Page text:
Afrinection member & entrepreneur John Adams Smart: "One thing I don't take for granted is learning"

Afrinection's network is growing fast, with dozens of entrepreneurs, innovators and professionals signing up for a free profile every month. One of our cherished members is 35-year-old John Adams Smart from Nigeria, founder of African Identity Communication Company. The company offers an array of travel, tourism and ICT services. The reason he became an entrepreneur has roots in his teenage years. “I didn't like the fact that I had to depend on my family for my personal expenses,” he says. This drove him to sell and buy used electronics. The rest is history.

1) Why did you become an entrepreneur?

My journey began in high school. As a student, I didn't like that I had to rely on my family for my personal expenses, especially since the guidance came from my older brother and not my father. I had a friend who served his uncle in a male hair salon after class. I asked him to ask his uncle if he could take me on as an apprentice. He agreed! We also started to sell and buy electronics. Because my friend and I had so many friends, we decided to turn them into prospective customers by posting and distributing ''buy/sell used electronics' notes. That is when it started, resulting in the African Identity Communication Company (AICC).

2) What else are you doing with your life?

One thing I don't take for granted is learning, I am using most of my time developing strategies and learning new relevant skills. I am currently developing what I call the ''AICC vision 2020.'' Growing my business is key! I am striving towards achieving an enabling market for young people in a continent of which the vast majority of people are youths. To achieve that, I am currently working with a group of young Africans to launch a new forum to support the African Union Vision.

3) As a child, what did you want to become?

I grew up in a marginalized community that was deprived of access to education, social services, and anything else you can think of. SI always wanted to be a lawyer to advocate for my people.

4) What are the biggest opportunities in terms of achieving economic freedom for Africa?

A young continent means strength, and that is an opportunity as it means a huge pool of human resources and talent. In addition, we have an abundance of natural resources. The problem is that we are not adding value to our products. African cocoa is exported before it is turned into chocolate, then imported back to Africa. With that, we are exporting jobs and importing poverty. The biggest opportunity is to invest in ambitious, creative, young minds and adding value to our natural resources locally.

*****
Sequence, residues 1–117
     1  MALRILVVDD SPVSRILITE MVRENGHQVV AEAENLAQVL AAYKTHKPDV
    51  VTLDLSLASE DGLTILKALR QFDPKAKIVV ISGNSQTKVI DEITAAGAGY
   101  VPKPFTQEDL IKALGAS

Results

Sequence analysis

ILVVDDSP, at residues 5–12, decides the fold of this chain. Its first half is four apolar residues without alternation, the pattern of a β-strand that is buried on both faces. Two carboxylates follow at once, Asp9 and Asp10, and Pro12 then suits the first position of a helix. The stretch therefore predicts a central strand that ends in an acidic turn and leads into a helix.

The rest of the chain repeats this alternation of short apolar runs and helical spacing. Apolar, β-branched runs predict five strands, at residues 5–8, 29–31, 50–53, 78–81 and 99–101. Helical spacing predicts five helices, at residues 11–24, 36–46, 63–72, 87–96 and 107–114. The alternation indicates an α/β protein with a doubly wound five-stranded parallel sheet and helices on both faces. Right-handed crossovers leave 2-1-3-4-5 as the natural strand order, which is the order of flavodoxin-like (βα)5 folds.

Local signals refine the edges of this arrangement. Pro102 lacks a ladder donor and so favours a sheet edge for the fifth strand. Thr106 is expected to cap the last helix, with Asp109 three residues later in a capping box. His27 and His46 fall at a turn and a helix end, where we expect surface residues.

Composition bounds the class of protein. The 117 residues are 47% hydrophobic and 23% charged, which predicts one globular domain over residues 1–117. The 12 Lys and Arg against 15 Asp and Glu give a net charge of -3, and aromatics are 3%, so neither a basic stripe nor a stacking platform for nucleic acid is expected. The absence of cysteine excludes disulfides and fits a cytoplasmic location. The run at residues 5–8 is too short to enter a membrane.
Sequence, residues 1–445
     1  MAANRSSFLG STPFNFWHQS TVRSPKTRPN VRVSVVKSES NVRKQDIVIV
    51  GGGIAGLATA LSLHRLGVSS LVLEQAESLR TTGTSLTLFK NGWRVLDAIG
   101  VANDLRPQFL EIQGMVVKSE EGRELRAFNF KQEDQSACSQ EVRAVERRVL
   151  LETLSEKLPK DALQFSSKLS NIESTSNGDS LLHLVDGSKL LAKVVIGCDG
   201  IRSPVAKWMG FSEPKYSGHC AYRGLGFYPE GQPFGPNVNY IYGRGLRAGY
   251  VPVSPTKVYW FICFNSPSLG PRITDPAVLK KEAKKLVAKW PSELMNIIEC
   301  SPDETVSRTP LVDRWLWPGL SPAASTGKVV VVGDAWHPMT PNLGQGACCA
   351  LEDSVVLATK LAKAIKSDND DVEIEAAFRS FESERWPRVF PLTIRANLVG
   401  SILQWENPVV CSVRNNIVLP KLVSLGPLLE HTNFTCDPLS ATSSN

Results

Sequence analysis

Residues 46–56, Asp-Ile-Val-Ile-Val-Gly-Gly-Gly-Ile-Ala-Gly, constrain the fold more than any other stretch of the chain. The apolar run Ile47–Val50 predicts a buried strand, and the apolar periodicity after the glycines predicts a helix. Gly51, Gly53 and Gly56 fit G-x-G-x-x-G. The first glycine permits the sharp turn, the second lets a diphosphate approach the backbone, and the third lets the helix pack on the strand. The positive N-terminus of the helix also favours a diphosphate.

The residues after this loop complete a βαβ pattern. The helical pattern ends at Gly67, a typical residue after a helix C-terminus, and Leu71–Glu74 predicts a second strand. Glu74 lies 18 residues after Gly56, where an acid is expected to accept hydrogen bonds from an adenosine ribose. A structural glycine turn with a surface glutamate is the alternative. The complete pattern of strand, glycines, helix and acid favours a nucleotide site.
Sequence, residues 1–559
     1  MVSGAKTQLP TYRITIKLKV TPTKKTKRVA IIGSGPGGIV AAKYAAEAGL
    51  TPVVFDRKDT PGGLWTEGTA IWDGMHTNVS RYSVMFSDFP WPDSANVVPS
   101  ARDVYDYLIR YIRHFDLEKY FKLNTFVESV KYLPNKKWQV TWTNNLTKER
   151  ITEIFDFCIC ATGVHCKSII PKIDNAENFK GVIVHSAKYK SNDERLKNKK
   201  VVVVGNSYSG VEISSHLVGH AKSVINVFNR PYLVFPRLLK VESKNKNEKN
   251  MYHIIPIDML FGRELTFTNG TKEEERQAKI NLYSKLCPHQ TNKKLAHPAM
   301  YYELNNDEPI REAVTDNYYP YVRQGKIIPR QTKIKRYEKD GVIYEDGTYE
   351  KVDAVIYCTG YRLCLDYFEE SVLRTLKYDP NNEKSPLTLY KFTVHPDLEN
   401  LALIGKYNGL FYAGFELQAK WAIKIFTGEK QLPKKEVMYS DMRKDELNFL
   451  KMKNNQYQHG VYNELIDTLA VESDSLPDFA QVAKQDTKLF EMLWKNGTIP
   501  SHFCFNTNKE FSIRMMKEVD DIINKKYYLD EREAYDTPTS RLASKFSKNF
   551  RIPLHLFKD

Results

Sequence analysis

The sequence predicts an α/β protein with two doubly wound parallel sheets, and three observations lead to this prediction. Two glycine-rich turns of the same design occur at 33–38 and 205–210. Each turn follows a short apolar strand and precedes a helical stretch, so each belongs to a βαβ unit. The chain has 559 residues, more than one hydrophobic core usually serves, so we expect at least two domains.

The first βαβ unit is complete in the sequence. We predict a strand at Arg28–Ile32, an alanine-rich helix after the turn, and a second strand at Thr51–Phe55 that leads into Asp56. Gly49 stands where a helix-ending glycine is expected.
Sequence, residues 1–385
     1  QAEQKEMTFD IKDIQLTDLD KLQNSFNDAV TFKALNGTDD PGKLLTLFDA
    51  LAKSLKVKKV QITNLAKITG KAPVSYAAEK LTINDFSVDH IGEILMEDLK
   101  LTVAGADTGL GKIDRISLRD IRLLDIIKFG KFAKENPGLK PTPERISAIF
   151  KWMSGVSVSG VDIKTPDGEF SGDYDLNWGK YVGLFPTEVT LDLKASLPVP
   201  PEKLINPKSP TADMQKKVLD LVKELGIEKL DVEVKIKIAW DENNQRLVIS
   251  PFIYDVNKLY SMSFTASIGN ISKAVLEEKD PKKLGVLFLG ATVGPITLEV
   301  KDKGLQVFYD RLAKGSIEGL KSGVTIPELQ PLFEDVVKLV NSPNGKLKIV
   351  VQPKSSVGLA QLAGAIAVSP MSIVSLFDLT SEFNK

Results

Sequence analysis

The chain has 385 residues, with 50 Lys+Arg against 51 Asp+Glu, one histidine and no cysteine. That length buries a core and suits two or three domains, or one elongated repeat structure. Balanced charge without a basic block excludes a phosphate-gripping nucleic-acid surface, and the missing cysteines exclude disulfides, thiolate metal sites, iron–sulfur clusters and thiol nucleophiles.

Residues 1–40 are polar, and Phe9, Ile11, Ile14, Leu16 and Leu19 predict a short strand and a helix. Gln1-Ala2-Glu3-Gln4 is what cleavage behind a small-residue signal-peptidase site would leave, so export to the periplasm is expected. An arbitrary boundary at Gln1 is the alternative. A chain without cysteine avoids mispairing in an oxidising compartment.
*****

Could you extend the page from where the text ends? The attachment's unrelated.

5) How can Africa’s challenges be overcome?

The problem is not that we are poor or that we lack skills, creative minds and resources. The most effective way to address Africa’s problems is for all stakeholders to start doing things the African way. You won’t attract tourists from the UK if everything in your country is a photocopy of the UK.

Finally, I encourage every young man and woman to go to school – not to train to become a future slave, but to develop applicable skills that can make a difference.

6) What must governments do to help Africa reach its full potential?

Governments should abstain from looking for countries elsewhere to magically solve our problems. They should make a law to prevent our over-dependence on foreign countries and they should move towards developing an African skills-based education system. Thirdly, they should make it easier for start-ups to emerge and sustain themselves.

7) In terms of entrepreneurs, who are you two biggest role models?

They are so many but since you said two: Tony Onyemaechi Elumelu and Njideka Harry. I look up to them because of their commitment to empowering entrepreneurs in Africa.

8) If you were Nigeria’s president for one day, what would you do first?

I would sign an executive order to mandate all educational establishments to switch to an African skills based system and another one to allow young people to register businesses and operate for a period of at least six months before they have to start paying tax.

9) Why did you join Afrinection?

Because I believe it is part of what we need. Platforms like Afrinection can bring together our continent’s most creative minds.

Follow John  Adams Smart on Twitter and Facebook. His website ( should be live soon.

View our interview with John on YouTube!